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(Reuters) — The U.S. Food and Drug Administration on Monday slapped restrictions on the sale of Bayer A.G.’s implanted birth control device Essure, two years after the agency put a severe warning label on the product.
The FDA said some women were not being properly informed of the risks associated with Essure before getting implanted.
The FDA’s restrictions will limit the sale of Essure only to health care facilities that provide full information about the device’s risks and benefits, the agency added.
Essure, approved by U.S. regulators in 2002, was given the strongest safety warning label on the device in early 2016 following thousands of complaints.
Concerns around the nonsurgical, nonhormonal device have included hysterectomy, depression, unwanted pregnancies, abdominal pain, abnormal uterine bleeding and device migration.
Separately on Monday, Germany-based Bayer said Essure’s benefit or risk profile had not changed and that the company remains positive about the product.
“Essure ... is a safe and effective medical device that benefits women by providing them with a valuable contraception option,” Bayer said.
Bayer is required to implement the FDA’s restrictions immediately.
U.S. sales of Essure have dropped approximately 70% since the agency ordered the company to conduct a post-market study, the FDA said in the statement. Bayer does not release sales figures for the device.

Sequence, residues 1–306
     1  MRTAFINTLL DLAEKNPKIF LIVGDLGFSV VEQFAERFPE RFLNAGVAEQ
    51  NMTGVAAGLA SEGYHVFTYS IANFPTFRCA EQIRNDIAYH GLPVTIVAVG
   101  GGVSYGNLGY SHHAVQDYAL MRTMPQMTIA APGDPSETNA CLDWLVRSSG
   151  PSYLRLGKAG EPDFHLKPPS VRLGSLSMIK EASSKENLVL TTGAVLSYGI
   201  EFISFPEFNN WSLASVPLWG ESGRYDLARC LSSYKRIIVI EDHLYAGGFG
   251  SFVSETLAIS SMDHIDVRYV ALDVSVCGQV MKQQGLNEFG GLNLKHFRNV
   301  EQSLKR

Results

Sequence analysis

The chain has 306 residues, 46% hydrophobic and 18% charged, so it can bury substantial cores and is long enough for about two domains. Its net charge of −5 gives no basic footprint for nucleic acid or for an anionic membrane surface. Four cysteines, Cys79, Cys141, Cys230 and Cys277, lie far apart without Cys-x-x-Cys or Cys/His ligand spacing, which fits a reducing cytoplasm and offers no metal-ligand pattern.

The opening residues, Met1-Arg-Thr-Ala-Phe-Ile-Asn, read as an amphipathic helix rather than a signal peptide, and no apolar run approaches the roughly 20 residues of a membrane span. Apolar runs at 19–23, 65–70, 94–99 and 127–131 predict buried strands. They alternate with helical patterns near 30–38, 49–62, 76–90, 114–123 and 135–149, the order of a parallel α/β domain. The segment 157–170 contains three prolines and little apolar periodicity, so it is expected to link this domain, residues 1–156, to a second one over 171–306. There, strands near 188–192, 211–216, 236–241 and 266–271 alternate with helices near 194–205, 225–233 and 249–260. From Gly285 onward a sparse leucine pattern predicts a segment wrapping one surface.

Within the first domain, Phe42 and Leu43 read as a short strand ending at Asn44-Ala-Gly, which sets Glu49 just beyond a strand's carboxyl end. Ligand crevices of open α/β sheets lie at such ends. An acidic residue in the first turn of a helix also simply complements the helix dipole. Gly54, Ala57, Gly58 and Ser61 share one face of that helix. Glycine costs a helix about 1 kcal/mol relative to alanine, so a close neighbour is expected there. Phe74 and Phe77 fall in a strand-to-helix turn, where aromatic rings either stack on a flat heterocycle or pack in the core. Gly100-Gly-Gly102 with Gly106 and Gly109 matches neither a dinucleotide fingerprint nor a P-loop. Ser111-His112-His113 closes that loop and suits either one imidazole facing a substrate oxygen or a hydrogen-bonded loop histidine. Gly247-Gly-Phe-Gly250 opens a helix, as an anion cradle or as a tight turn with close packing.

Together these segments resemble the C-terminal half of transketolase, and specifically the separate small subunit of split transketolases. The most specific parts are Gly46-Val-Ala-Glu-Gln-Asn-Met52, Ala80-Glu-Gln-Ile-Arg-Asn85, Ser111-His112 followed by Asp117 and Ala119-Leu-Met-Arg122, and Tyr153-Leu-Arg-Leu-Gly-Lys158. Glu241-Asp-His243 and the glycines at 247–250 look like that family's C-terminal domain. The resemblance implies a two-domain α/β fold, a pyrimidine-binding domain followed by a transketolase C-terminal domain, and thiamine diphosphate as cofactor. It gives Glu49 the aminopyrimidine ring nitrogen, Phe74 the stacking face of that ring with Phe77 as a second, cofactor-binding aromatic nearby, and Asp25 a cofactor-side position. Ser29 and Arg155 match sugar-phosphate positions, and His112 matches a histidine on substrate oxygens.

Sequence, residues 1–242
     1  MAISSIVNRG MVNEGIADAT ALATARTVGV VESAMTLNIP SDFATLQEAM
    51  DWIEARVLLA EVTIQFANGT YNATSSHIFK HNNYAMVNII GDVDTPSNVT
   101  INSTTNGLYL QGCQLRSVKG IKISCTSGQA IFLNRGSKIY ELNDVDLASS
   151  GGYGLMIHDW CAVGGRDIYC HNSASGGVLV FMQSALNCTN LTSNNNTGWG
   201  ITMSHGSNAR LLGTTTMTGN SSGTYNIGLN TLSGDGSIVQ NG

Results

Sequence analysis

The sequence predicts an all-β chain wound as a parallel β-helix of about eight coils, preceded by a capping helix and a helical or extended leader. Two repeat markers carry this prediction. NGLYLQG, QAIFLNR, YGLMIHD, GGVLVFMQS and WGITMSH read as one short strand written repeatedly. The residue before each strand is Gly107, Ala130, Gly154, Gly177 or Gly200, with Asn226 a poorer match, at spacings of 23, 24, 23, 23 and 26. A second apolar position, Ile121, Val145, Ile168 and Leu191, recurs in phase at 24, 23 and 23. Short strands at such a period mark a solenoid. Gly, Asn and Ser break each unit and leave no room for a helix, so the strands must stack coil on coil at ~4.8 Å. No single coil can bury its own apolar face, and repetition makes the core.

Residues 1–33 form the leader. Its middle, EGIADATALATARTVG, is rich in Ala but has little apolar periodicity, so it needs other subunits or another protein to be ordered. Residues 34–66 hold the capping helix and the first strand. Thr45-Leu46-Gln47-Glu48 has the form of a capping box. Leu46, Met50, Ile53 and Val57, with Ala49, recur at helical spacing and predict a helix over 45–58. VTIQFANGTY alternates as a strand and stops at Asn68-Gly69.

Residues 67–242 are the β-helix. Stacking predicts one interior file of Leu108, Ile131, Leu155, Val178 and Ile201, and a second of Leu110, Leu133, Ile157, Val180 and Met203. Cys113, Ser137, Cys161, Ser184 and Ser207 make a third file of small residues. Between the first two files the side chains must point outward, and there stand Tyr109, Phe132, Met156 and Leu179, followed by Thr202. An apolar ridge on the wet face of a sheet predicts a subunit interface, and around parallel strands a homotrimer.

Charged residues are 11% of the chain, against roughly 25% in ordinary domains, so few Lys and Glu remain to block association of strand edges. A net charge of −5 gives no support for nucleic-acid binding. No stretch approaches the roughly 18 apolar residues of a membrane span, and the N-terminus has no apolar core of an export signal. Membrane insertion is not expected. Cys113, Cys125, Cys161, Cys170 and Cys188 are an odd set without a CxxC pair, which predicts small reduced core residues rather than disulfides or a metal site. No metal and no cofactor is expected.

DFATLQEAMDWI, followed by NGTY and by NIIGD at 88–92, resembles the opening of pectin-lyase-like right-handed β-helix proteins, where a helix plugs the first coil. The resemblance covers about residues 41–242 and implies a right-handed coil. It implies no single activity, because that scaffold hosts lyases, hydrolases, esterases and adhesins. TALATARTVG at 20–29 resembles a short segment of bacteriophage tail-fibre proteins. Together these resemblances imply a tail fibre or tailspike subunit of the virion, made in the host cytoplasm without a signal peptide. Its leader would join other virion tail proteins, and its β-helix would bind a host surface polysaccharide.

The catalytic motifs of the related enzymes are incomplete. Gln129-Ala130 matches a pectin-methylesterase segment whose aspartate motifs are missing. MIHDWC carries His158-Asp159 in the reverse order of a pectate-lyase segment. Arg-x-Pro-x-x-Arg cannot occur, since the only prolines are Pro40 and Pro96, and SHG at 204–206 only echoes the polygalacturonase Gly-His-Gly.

Bayer in September 2017 said it had decided to discontinue the sale of Essure in all countries except the United States. The company said the decision was made for commercial reasons and had no links to safety or product quality problems.
Bayer estimates about 750,000 women are using Essure worldwide, about 70% of them in the United States.
The FDA said last month it had received nearly 12,000 medical reports in 2017 related to Essure, with more than 90% mentioning issues around device removal.
The company is facing some 10,600 U.S. lawsuits, according to an October regulatory filing. Women allege Bayer knew of the risks associated with Essure but failed to warn sellers, doctors and regulators of the dangers.
A federal appeals court reinstated a state product liability claim against a medical device manufacturer that charges it falsely promised its spinal cord stimulator had a nine-year life.